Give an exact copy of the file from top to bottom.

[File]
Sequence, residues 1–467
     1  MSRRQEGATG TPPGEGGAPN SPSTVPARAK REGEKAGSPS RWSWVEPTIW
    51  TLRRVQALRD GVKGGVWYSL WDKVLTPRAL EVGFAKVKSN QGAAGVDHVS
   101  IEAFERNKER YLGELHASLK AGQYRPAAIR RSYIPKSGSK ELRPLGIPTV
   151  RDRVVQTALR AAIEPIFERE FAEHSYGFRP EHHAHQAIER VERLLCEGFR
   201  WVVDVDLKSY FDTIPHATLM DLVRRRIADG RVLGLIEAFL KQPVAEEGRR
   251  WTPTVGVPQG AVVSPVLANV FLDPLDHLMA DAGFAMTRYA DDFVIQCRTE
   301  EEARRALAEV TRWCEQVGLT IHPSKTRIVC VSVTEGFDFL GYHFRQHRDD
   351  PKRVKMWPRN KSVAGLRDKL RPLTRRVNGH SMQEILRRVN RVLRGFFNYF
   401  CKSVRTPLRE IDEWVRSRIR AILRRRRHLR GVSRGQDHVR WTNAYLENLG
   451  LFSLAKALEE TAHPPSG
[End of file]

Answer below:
Sequence, residues 1–467
     1  MSRRQEGATG TPPGEGGAPN SPSTVPARAK REGEKAGSPS RWSWVEPTIW
    51  TLRRVQALRD GVKGGVWYSL WDKVLTPRAL EVGFAKVKSN QGAAGVDHVS
   101  IEAFERNKER YLGELHASLK AGQYRPAAIR RSYIPKSGSK ELRPLGIPTV
   151  RDRVVQTALR AAIEPIFERE FAEHSYGFRP EHHAHQAIER VERLLCEGFR
   201  WVVDVDLKSY FDTIPHATLM DLVRRRIADG RVLGLIEAFL KQPVAEEGRR
   251  WTPTVGVPQG AVVSPVLANV FLDPLDHLMA DAGFAMTRYA DDFVIQCRTE
   301  EEARRALAEV TRWCEQVGLT IHPSKTRIVC VSVTEGFDFL GYHFRQHRDD
   351  PKRVKMWPRN KSVAGLRDKL RPLTRRVNGH SMQEILRRVN RVLRGFFNYF
   401  CKSVRTPLRE IDEWVRSRIR AILRRRRHLR GVSRGQDHVR WTNAYLENLG
   451  LFSLAKALEE TAHPPSG